It is becoming increasingly apparent that Joe Buck, synonymous with FOX Sports’ brand and the only lead play-by-play announcer for major league baseball it has ever known, will be leaving after more than a quarter-century for the (significantly) greener pastures of ESPN, where he will apparently reunite with Troy Aikman and attempt to restore Monday Night Football to its legacy stature as the NFL’s premium broadcast. Given that for many years he and Aikman have broadcast what frequently was the most-viewed game of a particular weekend day and time notwithstanding, this is opportunistic for the league as it will be for Buck.
Initial reports are that Buck’s duties will be limited to football, thus giving him more time to spend with his family. Given his wife Michelle Beisner is already an ESPN football reporter, the intriguing possibility of her joining hubby and Troy in an overhaul of the MNF booth (sorry, Steve Levy, but facts are facts, y’all just didn’t cut it) can’t be dismissed.
But it will be in baseball that Buck’s presence will be missed and his significance in the sport’s history needs to be acknowledged. When he was named the lead for FOX’s MLB package in 1996 he was a mere 27 years old and became the youngest person to announce a national baseball telecast. He certainly had the DNA–after all, his father Jack was the longtime play-by-play announcer for the St. Louis Cardinals and as recently as 1992 had been the national voice of the sport for CBS.
Buck was the ideal choice for the insurgent FOX, a new generation with auspices to challenge the rank and file. And to help bridge the gap of credibility kudos to David Hill for pairing him with Tim McCarver, who had been his dad’s boothmate at CBS and who had his own Cardinals lineage. For a sport whose fan base is older and more steeped in tradition, this allowed Joe to develop and eventually thrive.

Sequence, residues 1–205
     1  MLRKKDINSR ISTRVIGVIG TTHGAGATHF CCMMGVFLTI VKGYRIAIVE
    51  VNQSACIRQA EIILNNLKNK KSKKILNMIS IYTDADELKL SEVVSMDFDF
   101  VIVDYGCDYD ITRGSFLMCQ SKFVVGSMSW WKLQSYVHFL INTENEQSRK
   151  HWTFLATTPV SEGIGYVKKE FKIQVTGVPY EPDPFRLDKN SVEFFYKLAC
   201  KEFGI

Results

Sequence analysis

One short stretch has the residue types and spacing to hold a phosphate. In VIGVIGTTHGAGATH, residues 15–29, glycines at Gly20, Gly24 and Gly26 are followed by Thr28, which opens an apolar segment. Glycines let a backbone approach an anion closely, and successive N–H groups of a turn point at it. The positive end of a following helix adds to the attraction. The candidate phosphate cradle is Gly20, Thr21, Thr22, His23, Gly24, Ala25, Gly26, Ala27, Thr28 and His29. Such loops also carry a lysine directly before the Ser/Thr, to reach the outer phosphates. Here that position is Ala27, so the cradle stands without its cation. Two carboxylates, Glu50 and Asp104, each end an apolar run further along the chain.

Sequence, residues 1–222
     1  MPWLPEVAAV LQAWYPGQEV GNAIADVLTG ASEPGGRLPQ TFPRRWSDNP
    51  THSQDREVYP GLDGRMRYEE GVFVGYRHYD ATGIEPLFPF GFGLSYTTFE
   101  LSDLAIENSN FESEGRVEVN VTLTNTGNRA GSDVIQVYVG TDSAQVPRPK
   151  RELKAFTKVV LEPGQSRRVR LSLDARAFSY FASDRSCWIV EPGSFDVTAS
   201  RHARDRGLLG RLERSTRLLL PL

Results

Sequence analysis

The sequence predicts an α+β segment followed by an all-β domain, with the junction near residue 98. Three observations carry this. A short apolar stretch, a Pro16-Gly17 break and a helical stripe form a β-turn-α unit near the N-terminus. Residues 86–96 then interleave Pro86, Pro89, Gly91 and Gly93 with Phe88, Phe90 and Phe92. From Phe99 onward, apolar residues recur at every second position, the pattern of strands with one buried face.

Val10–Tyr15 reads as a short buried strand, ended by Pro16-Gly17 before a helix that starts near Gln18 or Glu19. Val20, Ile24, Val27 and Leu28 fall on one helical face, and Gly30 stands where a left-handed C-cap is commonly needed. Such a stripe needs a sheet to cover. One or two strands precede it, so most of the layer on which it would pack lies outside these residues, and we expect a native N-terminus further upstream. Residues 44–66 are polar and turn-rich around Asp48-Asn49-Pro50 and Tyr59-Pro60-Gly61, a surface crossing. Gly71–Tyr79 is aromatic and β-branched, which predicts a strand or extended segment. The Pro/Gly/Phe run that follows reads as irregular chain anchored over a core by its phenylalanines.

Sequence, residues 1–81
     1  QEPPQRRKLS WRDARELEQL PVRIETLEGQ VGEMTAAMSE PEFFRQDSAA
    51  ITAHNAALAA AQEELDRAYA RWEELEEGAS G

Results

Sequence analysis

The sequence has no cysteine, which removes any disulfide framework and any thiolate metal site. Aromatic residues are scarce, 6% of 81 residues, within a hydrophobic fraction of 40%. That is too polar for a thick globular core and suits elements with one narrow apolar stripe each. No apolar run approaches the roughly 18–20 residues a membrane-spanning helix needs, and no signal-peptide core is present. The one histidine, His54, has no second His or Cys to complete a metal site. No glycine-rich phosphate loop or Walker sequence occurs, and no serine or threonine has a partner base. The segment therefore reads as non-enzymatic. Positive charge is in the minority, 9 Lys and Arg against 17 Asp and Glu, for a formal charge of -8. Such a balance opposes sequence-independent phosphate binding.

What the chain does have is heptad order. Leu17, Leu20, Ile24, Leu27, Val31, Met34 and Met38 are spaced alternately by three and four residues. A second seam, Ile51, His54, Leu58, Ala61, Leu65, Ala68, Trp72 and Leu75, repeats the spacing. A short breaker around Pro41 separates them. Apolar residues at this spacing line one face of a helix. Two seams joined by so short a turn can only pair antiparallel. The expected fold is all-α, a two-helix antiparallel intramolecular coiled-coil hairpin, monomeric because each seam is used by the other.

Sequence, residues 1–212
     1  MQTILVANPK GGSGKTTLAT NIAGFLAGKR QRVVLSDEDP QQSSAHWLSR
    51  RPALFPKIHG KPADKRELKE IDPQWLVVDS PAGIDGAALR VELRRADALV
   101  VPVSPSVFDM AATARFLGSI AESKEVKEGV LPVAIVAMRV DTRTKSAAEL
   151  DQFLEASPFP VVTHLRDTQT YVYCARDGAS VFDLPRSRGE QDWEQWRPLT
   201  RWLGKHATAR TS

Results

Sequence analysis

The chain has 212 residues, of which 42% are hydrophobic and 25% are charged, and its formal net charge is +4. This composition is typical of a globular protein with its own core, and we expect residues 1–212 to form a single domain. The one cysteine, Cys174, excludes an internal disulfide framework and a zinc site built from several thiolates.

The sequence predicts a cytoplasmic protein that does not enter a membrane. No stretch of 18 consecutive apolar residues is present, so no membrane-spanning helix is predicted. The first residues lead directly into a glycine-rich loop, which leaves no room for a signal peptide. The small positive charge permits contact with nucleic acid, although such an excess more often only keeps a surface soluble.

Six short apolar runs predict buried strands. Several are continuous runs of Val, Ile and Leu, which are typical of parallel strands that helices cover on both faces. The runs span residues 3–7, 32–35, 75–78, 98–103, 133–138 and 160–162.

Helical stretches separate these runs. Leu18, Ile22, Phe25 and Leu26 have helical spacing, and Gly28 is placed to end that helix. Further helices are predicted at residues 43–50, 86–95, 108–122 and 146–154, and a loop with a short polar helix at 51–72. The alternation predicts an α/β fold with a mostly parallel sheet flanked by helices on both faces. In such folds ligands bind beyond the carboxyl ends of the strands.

But that was then. Now FOX is the grizzled veteran and Joe has a quarter-century of experience behind him. So to his credit Eric Shanks, himself a worthy successor to the legacy of David Hill, is allowing Joe out of his contract and start anew. Rumored to be in the wings for MLB is Joe Davis, all of 35 years old and already an eight-year FOX Sports veteran. More significantly, Davis has also been the play-by-play announcer for the Los Angeles Dodgers since 2017, where he replaced the iconic Vin Scully. And let it not be forgotten that when Scully was hired by the then Brooklyn Dodgers in 1950 he was younger than either Buck or Davis, and somehow stuck it out for 66 more seasons after that.
So much of baseball fanaticism revolves around a passion for tradition and memories of watching and listening to games on summer days and nights with one’s fathers and grandfathers, as is certainly my story. My dad loved the Dodgers and especially Scully. When we visited Los Angeles for the first time my dad’s happiest moments was sitting in the back seat of my cousin’s car on long drives that he specifically timed to Dodgers’ broadcasts. My dad was never a huge fan of California but as long as he had Scully he was mollified.
Somehow, it was appropriate that as he laid comatose on his deathbed, I was able to find a Dodger radio broadcast on my phone and put it to his ear to hear. I like to believe I felt him squeeze my hand when he heard Scully’s voice, though he was incapable of speaking by that point. I’m not sure of that.
What I am sure of is baseball is a rite of passage where family and legacy matter. Buck had his own family succession, and Davis has already proven he can fill some formidable shoes. My dad never heard him in this world. But I have a hunch he’s listening somewhere, and probably approves.
Good luck, Joe D. FOX is in very capable hands. And Joe B., thanks for some great baseball memories.